Pack the Essentials in Osprey Hikelite 18 Pack

Bringing along a daypack on your travels is usually a good call. You can leave the bulk of your gear in your hotel room each day when you venture out, and only bring the essentials. When camping, no need to pack everything up to take a day hike when you can just bring what you need for the day and keep your camp all cozy for your return.

The Osprey Hikelite 18 is better than your average daypack.

Often, those packs are as minimal as possible in order to stay lightweight. That’s great for some purposes, but opting for minimal also gets rid of some elements of comfort. One of the stand-out features of the nylon-fabric Hikelite 18 (weighing 1.49 pounds) is that it’s got a ventilated AirSpeed backpanel—allowing for airflow between your back and the pack, so you don’t have to keep the sweat cycle going every time you wear it.

Additionally, it’s difficult to find a minimal daypack with an integrated raincover. You don’t have to worry about the day’s weather when all you have to do is pull the cover over your pack to keep everything dry when the weather turns gray and wet. Sure, you can bring a trash bag along for your daypack that doesn’t have an integrated raincover, but remember what happens when you have to remember more and more elements in your packing? You often forget things.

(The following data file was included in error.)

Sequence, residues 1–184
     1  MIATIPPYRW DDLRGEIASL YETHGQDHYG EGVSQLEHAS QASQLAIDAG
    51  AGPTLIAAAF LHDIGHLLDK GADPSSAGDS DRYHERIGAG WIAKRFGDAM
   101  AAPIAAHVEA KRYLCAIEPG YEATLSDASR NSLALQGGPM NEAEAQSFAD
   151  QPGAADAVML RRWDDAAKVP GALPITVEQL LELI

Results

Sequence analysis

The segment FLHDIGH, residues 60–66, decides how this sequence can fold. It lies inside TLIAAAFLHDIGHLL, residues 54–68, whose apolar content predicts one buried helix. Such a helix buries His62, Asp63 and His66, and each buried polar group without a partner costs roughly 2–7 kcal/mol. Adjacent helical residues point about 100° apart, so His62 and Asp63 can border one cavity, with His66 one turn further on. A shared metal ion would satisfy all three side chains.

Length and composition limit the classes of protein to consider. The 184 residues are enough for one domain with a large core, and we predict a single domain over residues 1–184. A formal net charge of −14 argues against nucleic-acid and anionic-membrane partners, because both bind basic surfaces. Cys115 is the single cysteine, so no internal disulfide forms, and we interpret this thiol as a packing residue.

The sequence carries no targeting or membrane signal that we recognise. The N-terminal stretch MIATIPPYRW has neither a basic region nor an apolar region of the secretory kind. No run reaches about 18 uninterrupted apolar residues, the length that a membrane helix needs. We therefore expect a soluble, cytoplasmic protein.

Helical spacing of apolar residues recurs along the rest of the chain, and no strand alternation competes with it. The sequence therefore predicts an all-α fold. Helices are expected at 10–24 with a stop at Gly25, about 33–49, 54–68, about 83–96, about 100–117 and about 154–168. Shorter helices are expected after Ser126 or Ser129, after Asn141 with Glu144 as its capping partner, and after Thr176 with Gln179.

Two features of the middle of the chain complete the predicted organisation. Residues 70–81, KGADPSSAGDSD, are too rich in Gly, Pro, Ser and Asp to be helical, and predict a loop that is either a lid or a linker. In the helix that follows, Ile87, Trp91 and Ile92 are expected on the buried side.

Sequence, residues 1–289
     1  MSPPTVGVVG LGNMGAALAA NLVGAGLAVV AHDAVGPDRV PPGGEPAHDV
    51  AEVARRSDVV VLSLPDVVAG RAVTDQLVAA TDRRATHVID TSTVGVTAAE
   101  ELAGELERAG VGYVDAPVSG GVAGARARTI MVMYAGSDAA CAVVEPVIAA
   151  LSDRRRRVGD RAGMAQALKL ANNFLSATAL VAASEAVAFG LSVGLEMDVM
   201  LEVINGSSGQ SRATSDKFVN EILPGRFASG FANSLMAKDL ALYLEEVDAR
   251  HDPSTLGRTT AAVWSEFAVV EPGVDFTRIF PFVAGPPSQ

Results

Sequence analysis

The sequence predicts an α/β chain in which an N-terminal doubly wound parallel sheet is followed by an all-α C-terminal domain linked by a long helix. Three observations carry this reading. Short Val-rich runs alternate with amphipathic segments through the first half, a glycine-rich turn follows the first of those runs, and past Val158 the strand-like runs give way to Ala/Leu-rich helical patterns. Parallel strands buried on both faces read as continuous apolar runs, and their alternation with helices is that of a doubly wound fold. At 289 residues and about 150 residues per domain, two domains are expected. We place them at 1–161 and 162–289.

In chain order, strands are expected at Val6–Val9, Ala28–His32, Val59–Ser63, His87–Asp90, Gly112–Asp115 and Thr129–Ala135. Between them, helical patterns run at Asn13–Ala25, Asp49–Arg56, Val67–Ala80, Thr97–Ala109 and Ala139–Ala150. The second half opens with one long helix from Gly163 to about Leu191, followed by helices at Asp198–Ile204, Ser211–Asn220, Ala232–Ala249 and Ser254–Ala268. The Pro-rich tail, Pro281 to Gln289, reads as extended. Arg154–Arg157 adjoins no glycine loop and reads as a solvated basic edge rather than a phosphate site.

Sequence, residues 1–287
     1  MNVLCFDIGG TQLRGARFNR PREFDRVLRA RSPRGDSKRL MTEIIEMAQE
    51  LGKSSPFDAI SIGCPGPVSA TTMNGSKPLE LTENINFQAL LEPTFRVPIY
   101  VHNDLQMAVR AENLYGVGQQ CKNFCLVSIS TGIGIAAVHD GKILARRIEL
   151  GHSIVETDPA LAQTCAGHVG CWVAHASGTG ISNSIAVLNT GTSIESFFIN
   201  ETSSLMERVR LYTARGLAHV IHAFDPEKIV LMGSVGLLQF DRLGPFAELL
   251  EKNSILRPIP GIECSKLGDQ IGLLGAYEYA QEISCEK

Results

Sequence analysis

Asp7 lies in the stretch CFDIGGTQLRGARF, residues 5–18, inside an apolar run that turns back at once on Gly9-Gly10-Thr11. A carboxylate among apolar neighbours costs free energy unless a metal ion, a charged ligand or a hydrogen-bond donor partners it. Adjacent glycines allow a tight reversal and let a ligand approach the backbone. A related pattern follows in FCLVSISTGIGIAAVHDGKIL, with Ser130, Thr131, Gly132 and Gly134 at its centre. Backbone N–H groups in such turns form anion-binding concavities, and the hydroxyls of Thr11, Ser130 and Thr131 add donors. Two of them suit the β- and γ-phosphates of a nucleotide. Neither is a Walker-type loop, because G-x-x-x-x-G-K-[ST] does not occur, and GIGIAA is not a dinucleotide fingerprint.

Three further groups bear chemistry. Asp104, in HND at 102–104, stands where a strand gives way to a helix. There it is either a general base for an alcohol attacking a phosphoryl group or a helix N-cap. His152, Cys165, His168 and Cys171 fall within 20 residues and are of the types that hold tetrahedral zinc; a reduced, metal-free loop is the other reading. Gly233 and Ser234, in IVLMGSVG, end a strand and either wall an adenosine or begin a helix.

Other features include an internal hydration sleeve that fits up to a 3-liter reservoir, a scratch-resistant pocket for sunglasses and electronics, stretch-mesh side pockets for smaller items, a trekking pole attachment, upper side compression straps, a removable webbing hipbelt, and a sternum strap with that all-important whistle.

The Osprey Hikelite 18 pack comes in a variety of colors: black, shiitake grey, blue baca, aloe green, elderberry, tomato red, and kumquat orange. It lists for $85 on the Osprey site.


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Jill

Jill Robinson is a freelance writer who lives in a small California beach town near the big wave surf spot, Mavericks. She divides her time between writing about travel, running a kayak business and trying to wring awe-inspiring adventure out of every day. Her articles have been featured in the AFAR, National Geographic Traveler, Outside, the San Francisco Chronicle, and more. Catch up with her adventures on www.dangerjillrobinson.com and IG/Twitter at dangerjr.

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